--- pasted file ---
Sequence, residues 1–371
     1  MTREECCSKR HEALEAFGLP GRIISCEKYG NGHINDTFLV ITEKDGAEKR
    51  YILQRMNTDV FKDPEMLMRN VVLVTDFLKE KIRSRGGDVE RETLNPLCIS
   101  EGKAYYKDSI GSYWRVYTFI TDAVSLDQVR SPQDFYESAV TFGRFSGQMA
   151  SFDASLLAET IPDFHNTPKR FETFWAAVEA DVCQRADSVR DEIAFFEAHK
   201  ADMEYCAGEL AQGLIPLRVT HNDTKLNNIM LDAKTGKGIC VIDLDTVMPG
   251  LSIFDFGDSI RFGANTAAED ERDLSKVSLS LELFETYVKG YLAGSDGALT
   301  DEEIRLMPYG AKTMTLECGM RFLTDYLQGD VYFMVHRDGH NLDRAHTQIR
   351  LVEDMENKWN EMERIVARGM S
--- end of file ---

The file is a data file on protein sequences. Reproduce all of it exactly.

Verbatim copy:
Sequence, residues 1–371
     1  MTREECCSKR HEALEAFGLP GRIISCEKYG NGHINDTFLV ITEKDGAEKR
    51  YILQRMNTDV FKDPEMLMRN VVLVTDFLKE KIRSRGGDVE RETLNPLCIS
   101  EGKAYYKDSI GSYWRVYTFI TDAVSLDQVR SPQDFYESAV TFGRFSGQMA
   151  SFDASLLAET IPDFHNTPKR FETFWAAVEA DVCQRADSVR DEIAFFEAHK
   201  ADMEYCAGEL AQGLIPLRVT HNDTKLNNIM LDAKTGKGIC VIDLDTVMPG
   251  LSIFDFGDSI RFGANTAAED ERDLSKVSLS LELFETYVKG YLAGSDGALT
   301  DEEIRLMPYG AKTMTLECGM RFLTDYLQGD VYFMVHRDGH NLDRAHTQIR
   351  LVEDMENKWN EMERIVARGM S